A much more popular choice is aluminium, which is used on the majority of hybrid bikes, everything from £200 budget options right up to more serious machines costing £1,500. The reason for it’s popularity is that, if used properly, it can provide a comfortable ride, is relatively light, and can stand up to plenty of abuse through years of use without giving up the ghost.
Watch: Nine beginner mistakes and how to avoid them
Finally carbon, a material more often used on expensive road bikes, is beginning to turn up on the very best hybrid bikes. This is a good choice of your looking to shave a bit of time off your commute, with carbon doing a better job of taking the power you put through the pedals and sending it through the rear wheel.
There are also quite a few hybrid bikes on the market that combine an aluminium frame with a carbon fork. This helps to keep the cost down through the use of aluminium for the frame, while the carbon fork will do a better job of soaking up judder from rough roads.
Five top tips for cycling commuting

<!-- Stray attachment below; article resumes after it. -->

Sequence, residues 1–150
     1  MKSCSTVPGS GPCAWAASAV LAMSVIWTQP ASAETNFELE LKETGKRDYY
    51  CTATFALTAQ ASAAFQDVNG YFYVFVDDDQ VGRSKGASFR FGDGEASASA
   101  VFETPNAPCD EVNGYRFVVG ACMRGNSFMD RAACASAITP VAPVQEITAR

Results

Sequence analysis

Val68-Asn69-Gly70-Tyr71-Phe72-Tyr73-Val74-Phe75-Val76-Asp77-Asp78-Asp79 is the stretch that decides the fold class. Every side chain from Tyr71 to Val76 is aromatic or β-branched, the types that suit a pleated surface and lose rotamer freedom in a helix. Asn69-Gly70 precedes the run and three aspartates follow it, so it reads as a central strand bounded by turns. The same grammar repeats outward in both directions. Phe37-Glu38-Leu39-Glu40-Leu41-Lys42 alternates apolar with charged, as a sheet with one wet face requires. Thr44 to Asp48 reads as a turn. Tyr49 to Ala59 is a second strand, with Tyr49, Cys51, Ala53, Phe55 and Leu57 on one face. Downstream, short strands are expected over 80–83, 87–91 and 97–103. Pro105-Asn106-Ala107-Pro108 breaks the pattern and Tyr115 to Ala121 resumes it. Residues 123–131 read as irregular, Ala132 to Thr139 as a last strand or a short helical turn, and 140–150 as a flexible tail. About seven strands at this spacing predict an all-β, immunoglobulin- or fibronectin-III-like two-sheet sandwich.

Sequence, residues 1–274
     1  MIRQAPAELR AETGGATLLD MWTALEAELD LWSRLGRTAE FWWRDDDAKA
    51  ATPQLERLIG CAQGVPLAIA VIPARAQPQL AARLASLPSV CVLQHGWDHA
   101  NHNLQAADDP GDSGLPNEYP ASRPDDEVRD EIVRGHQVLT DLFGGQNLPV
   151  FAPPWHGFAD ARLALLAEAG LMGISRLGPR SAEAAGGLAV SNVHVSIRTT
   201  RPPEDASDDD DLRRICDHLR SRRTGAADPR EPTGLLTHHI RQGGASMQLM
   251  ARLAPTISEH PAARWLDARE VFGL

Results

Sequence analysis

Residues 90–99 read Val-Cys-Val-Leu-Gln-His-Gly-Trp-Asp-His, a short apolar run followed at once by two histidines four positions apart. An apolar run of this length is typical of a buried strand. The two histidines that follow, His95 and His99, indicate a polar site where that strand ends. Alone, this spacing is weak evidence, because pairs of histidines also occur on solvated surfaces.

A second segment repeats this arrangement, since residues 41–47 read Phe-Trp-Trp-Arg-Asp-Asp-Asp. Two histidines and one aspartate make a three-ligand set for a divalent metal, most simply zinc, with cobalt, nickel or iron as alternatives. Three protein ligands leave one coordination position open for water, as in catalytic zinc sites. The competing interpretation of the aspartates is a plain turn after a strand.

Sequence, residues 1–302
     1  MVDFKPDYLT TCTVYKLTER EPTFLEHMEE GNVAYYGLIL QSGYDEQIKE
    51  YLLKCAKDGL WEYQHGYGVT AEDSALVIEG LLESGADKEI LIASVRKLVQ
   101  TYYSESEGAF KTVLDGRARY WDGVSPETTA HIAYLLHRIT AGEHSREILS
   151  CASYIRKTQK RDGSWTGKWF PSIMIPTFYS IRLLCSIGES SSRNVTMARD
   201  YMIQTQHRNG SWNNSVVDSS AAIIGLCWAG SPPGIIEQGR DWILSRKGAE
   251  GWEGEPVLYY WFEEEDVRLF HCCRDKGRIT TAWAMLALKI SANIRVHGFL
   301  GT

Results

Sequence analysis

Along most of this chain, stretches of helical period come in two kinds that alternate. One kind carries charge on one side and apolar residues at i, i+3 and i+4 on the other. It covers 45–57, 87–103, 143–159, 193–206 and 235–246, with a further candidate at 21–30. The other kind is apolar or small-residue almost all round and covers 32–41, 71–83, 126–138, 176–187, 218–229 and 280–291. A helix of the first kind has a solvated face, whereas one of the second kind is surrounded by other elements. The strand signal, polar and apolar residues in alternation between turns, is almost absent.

What components should I expect?
It might be a bit of a cliché, but you will generally get what you pay when it comes to gearing. Pay more and the best hybrid bikes will come with higher quality groupsets, meaning better quality shifting and less effort needed to shift between gears.
However, if you’re just using your hybrid bike to get to and from work and maybe the odd weekend ride, then shift quality might be a secondary concern to the range of gearing on offer. If you live in a hilly area, then it’s worth looking for a bike with a 32 tooth sprocket at the back to let you winch your way up steep gradients.
There are also lots of hybrid bikes that offer a triple chainset. This is good if you want some seriously easy gears, but the gear range is often not that much more than if you just have two rings at the front, and it can be harder to find the perfect gear if you want to get into a rhythm on a long flat road or steady climb.
Watch: How to use your brakes properly